Collapsible tank 10 is constructed from a leading element 18, a rear element 19 and a number of intermediate elements 20 placed therebetween. Elements 18-20 take a rigid form and are for instance manufactured from steel. A flexible skin or bag 11 substantially under strain of tension is arranged between elements 18,19 and 20. The flexible skin is manufactured from coated fabric and is fixed on/to elements 18,19,20 which are usually manufactured from metal. Bag 11 is given a flexible and waterproof form, for instance by constructing it from cloth strips welded or vulcanized watertightly together. The weight of the bag can vary, but in practice will usually lie between 100 and 250 kg.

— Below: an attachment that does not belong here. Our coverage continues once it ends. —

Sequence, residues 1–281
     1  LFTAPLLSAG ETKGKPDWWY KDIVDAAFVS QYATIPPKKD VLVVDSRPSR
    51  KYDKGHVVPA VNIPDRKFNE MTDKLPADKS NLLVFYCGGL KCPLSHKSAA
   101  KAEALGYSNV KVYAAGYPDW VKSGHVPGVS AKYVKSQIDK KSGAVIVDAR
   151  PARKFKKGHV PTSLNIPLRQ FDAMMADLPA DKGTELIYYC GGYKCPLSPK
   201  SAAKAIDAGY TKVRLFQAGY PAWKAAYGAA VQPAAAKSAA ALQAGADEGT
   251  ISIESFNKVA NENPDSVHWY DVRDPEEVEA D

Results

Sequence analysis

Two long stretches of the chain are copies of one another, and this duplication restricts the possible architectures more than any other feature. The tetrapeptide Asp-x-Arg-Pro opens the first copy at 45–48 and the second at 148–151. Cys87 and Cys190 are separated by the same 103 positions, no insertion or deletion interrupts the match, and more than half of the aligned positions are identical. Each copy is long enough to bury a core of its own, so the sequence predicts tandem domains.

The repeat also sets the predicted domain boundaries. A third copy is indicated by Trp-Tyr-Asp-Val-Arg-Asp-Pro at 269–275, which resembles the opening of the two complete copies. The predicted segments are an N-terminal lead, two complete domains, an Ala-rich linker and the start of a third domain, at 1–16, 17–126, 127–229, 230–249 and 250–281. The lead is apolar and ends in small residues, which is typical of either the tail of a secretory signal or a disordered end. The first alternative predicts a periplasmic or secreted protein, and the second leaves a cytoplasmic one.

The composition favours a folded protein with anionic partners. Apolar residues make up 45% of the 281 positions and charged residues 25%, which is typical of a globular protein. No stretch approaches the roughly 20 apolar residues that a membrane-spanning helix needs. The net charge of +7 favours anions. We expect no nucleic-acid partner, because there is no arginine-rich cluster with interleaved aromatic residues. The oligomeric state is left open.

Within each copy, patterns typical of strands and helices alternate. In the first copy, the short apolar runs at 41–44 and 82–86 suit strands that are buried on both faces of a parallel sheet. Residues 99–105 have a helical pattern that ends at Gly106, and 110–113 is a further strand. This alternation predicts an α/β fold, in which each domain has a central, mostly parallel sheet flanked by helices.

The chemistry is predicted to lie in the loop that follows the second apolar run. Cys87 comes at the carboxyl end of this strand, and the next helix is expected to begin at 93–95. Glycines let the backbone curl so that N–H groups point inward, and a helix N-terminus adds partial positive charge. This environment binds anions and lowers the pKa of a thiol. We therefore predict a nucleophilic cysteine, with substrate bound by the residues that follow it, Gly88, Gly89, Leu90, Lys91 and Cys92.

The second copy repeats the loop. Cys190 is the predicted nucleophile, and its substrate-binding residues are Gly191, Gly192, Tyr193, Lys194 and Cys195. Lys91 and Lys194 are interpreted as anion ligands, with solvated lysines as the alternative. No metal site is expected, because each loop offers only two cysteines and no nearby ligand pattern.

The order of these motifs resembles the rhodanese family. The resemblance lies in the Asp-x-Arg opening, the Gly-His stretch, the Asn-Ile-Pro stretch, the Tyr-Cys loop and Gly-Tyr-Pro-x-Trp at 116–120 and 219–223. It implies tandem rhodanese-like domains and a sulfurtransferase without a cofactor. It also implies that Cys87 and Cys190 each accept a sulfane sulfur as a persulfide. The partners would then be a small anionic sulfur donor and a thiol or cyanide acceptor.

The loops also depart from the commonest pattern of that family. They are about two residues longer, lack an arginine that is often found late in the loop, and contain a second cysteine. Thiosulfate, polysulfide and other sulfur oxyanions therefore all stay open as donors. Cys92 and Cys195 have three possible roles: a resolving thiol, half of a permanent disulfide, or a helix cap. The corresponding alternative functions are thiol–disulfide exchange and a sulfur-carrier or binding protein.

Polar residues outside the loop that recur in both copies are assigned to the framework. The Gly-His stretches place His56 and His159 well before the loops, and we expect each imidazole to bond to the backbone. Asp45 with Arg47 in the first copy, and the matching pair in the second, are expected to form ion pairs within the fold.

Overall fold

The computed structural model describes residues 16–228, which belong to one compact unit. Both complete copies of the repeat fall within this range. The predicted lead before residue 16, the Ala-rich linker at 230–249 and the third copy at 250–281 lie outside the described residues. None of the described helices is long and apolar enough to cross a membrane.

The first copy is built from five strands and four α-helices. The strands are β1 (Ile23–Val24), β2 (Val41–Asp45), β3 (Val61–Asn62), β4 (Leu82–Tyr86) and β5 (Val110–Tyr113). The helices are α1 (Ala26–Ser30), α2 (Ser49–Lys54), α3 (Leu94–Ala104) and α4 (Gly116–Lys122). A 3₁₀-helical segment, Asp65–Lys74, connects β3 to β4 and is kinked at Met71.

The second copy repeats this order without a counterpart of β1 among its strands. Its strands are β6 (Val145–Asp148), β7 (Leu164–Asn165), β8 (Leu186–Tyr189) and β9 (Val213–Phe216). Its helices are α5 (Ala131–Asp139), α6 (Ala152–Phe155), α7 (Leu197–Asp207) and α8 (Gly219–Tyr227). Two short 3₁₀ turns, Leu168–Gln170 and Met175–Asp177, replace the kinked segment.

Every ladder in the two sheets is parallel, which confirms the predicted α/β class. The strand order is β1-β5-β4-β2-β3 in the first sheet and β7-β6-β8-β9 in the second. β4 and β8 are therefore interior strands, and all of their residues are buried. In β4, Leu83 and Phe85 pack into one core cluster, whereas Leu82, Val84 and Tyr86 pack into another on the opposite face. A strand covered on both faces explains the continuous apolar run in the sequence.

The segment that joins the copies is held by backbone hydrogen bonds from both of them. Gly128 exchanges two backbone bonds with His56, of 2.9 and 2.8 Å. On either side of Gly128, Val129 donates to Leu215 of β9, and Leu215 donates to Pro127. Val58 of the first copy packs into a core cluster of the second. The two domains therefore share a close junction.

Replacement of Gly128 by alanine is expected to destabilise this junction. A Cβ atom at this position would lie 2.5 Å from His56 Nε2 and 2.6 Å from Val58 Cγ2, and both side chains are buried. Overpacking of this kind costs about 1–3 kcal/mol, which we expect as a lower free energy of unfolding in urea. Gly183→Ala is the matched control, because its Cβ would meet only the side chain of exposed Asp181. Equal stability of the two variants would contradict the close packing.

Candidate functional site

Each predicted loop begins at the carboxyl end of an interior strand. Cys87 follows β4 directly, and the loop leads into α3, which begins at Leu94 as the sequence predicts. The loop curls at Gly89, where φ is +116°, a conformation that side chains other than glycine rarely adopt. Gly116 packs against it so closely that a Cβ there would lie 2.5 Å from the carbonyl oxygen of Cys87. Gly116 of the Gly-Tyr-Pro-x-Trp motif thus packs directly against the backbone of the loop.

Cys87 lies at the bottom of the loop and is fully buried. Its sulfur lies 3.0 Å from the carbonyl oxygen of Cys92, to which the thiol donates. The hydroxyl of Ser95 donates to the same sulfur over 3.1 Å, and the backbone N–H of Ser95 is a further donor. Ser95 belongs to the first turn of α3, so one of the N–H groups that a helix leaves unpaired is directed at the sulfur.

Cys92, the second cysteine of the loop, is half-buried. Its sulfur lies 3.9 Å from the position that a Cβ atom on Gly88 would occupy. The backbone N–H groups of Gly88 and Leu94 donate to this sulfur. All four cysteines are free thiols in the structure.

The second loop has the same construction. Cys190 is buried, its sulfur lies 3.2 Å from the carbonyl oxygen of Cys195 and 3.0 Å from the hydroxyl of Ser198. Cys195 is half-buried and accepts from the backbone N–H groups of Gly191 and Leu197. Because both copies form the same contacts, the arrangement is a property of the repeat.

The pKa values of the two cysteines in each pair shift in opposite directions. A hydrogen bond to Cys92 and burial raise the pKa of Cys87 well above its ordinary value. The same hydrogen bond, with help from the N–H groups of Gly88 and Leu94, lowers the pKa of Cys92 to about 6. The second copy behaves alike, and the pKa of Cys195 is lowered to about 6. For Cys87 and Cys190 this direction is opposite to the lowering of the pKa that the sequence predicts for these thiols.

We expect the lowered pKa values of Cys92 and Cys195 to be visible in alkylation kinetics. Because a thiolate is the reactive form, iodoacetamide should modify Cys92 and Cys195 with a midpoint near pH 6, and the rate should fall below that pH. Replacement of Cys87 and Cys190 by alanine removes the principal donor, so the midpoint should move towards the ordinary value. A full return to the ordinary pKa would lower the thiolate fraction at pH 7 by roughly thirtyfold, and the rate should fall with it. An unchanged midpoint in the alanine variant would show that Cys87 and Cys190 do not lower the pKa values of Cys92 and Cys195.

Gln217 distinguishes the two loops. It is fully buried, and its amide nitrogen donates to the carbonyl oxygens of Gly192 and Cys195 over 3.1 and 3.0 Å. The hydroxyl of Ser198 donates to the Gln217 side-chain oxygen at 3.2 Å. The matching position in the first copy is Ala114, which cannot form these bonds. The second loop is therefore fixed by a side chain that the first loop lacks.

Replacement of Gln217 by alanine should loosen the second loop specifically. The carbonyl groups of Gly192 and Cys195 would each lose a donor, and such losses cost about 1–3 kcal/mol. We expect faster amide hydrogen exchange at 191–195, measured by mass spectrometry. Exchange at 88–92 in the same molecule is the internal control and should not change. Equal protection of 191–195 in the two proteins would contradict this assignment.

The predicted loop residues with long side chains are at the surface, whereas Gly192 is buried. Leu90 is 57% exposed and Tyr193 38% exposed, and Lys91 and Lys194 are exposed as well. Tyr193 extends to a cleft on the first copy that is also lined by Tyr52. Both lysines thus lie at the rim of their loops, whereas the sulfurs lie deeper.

FIG. 2 shows a situation in which tank 10 is supplied. In the collapsed state shown in this figure the leading and rear elements 18,19 and intermediate elements 20 are pressed against each other, this such that the outer sides 23 of elements 18,19,20 lie closely together. The elements are aligned using centring elements 39 (FIGS. 1 and 4). The elements can also be coupled to a pivotable metal base plate 58 provided on the underside of the collapsible tank. Base plate 58 is fastened releasably to the underside of elements 18,19,20. In the coupled situation all elements and the base plate independently form one whole which can be readily displaced by one operator using standard lifting equipment, such as a fork-lift truck, for instance by engaging the tank 10 at the position of brackets 25 provided on the upper side of elements 18,19. Since base plate 58, the sides 23 of elements 18,19,20 and plating 22 of the leading and the rear elements 18,19 form the six outer surfaces of the tank in the collapsed state, mechanical and other damage to the flexible part of the tank, i.e. the skin, is virtually precluded in the collapsed state.